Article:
3 images of visual complexity

With this image of the sleigh from “How the Grinch Stole Christmas”, for example, the child may be familiar with the story and familiar with the concept of “sleigh”, but still be unable to visually recognize a sleigh by itself.  When the image includes the bag of toys on top, that context may help the child to be able to identify it.

Complexity of symbols

  • Literacy and mathematical symbols can present their own level of complexity.  
  • Consult the child about preferences for size and spacing of symbols.
  • Separating text and pictures on Google Slides may be helpful.


Complexity of Visual Array

Students in Phase III often have difficulty disembedding a target from the background.  Taking photos with an iPhone or iPad and removing the background, which makes the visual array very complex can be helpful.  For things in the distance, taking photos can also be helpful.  We often make books using these images and adding text. on Google Slides.

Sign from park

Shark teeth


PenguinsWords with


  • Physically reduce array in connected text.

    • This can be done by rewriting the text, so that the student can access it visually.
    • A blocker can also be used to cover the image, while trying to focus on the text only. 
    • Mask the extra information or mask the extra text.
    • Use line markers, windows, or quadrant blockers.
    • Make these blockers (which can be as simple as a plain piece of paper or oak tag) available to the student to advocate, select, use to help himself. 

Reindeer page

  • Teach strategy of visual search following the same path as the hands of the clock.
  • Organize work space and materials to reduce visual array and to increase predictability.
  • Adjust array with sorting activities.

Cow and house with word cards


Complexity of the Sensory Environment

The sensory environment can draw attention away from using vision.

  • Structure the environment as much as possible to support visual focus.
  • Wearing headphones can help to limit sensory interference and promote concentration on an activity.
  • Avoid talking to the student when he or she is doing a difficult task.
  • Tap on the visual task to prompt the student to return visual attention.
  • Share information with the student afterwards by comments, such as, “I noticed that when you …”.  This can help the child learn to monitor their own behavior.


Complexity of Human Faces

The complexity of human faces are especially difficult in person, and can be even more so in a photograph.  Discerning facial expressions of characters in story illustrations can be especially difficult for people with CVI.

  • Provide repeated opportunities to look at and study a range of facial features.
  • Discuss how body language connects with facial expressions and emotions.
  • Model different expressions for the student and encourage them to demonstrate various facial expressions and body language.

Book cover of Mad and angry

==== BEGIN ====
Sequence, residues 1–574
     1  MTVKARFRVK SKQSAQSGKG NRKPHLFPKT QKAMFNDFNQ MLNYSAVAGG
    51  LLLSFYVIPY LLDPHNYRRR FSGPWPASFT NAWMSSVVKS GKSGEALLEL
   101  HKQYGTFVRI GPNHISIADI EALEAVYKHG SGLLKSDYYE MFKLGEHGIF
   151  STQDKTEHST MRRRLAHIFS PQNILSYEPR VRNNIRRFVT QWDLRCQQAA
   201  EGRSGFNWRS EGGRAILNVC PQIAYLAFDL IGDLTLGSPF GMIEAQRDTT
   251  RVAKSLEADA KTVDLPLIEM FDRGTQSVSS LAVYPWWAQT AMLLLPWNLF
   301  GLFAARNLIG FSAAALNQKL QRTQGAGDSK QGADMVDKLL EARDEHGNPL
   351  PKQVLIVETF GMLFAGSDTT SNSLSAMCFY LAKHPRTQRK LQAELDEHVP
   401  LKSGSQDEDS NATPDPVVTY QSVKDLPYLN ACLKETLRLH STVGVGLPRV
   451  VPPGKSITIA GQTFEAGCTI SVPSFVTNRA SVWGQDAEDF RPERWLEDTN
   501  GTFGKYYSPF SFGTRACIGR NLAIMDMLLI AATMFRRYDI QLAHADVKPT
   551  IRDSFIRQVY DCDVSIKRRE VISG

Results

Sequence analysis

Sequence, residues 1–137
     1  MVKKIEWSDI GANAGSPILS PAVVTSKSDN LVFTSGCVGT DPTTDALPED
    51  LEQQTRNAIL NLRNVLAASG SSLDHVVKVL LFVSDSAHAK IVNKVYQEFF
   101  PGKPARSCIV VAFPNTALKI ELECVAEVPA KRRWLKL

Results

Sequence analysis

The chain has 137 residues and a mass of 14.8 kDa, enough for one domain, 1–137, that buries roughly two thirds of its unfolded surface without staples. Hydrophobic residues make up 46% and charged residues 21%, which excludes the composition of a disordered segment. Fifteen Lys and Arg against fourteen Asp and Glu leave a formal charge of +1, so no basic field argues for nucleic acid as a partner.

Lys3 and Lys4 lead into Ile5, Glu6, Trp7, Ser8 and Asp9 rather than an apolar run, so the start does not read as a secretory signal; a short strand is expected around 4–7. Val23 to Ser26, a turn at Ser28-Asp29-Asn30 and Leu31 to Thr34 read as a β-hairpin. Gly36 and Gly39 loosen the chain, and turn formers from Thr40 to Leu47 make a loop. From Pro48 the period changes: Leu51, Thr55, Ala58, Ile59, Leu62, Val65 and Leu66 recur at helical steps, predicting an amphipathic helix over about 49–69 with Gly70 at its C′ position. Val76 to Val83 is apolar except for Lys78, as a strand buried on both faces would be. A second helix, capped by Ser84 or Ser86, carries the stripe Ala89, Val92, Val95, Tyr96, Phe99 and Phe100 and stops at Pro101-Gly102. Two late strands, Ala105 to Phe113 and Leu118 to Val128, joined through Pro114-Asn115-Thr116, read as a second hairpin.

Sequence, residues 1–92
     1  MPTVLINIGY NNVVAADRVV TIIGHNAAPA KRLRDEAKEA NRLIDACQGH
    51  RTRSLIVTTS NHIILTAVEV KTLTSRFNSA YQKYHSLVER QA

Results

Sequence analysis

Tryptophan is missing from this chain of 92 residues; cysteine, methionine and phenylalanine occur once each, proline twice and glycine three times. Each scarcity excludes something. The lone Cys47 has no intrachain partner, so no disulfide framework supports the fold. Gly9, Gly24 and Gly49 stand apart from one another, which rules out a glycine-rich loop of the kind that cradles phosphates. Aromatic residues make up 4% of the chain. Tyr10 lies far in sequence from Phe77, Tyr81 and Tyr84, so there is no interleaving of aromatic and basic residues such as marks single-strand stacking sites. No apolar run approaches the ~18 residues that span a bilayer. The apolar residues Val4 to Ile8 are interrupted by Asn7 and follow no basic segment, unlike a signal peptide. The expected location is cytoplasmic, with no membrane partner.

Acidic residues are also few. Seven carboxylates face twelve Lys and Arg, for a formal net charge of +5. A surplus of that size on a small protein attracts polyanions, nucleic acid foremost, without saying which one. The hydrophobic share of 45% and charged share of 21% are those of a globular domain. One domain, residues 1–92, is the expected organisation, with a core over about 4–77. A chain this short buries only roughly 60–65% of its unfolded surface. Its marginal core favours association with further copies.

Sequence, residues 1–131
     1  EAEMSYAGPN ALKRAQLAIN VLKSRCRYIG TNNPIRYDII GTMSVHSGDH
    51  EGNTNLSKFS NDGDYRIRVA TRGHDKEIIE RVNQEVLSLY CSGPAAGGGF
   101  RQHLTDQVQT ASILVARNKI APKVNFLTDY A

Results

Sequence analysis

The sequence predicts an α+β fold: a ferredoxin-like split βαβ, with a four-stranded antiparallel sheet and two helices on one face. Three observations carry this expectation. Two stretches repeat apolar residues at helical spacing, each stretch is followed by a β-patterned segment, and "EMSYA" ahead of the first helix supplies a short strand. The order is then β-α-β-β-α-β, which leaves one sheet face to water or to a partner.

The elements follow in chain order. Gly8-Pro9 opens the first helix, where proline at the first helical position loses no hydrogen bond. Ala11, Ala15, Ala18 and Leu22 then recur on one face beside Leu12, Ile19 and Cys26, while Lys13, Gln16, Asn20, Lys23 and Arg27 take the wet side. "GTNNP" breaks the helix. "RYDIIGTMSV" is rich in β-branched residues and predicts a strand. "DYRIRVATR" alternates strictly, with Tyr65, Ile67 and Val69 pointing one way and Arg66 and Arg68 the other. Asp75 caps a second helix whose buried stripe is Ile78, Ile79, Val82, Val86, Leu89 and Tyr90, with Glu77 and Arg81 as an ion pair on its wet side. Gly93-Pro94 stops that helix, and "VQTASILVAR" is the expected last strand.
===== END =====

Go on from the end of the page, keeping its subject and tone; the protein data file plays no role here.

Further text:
• Be aware of the challenge that glare may pose.
  • Encourage students to advocate for themselves when they need more light.
  • Backlight materials using an iPad to reduce visual fatigue.  This can be especially helpful when reading instructional passages and new word skills.


Distance Viewing

  • Present all tasks within child’s “learning distance” (as noted in the CVI Range assessment), so that they are visually accessible.
  • Use an iPad to photograph images at a distance and teach students to use the zoom feature to view images up close.


Visual Novelty

Students in Phase III become much more aware of novel objects in the environment.

  • Use the salient features to learn about these novel objects and to learn new information.
  • Expand the vocabulary that connects with it. 


  • Discuss salient features when teaching novel information and exploring novel objects.
  • Present various examples, so that the student can learn to generalize salient features from the familiar to the novel.
  • Use word cards to adjust visual array and adapt the activity to meet the needs of the student.
  • Pre-teach vocabulary and concepts in novel texts.
  • Introduce the child to novel newspaper and magazine images and words.

Reading candy wrapper labels Placing photos in envelopes with location where they are found

Words from magazines in different fonts and colors Labels of animal crackers



Fisher, K., and M. Immordino-Yang,(foreword). (2008) The Jossey-Bass Reader on the Brain and Learning. San Francisco: John Wiley & Sons, Inc.

Lueck, Amanda H., and Gordon N. Dutton, editors. (2015) Vision and the Brain: Understanding Cerebral Visual Impairment in Children. New York: AFB Press.

Pinnell, G.S, and Fountas, I (1998). Word Matters: Teaching Phonics and Spelling in the Reading/Writing Classroom. Portsmouth, NH: Heinemann.

Pinnell, G.S, and Fountas, I (1996). Guided Reading. Portsmouth, NH: Heinemann. 

Roman-Lantzy, Christine. (2018) Cortical Visual Impairment: An Approach to Assessment and Intervention. 2nd Edition. New York: AFB Press.

Roman-Lantzy, Christine.(2019), Cortical Visual Impairment:Advanced Principles. New York: AFB Press.

Shaywitz, Sally (2003). Overcoming Dyslexia; A New Science Based Program for Reading Problems at Any Level. NY: Alfred A. Knopf

Tietjen, Matthew. The ‘What’s the Complexity?’ Framework. Cortical Visual Impairment: Advanced Principles. New York: AFB Press.

Wylie, R.E., & Durrell, D.D. (1970). Teaching vowels through phonograms. Elementary English, 47, 787-791.




Blogs and Social Media

Collage of CVI Overlay

Student wrtiing on an adapted handwriting paper with four lines and highlighted
Activity and strategy

Finding the Right Paper

Stehanie Duesing holding her glasses infron of her face.

Stephanie Duesing: Parent, Author, Educator, Advocate

Apps and technology

Great Android Apps for Kids with CVI or Low Vision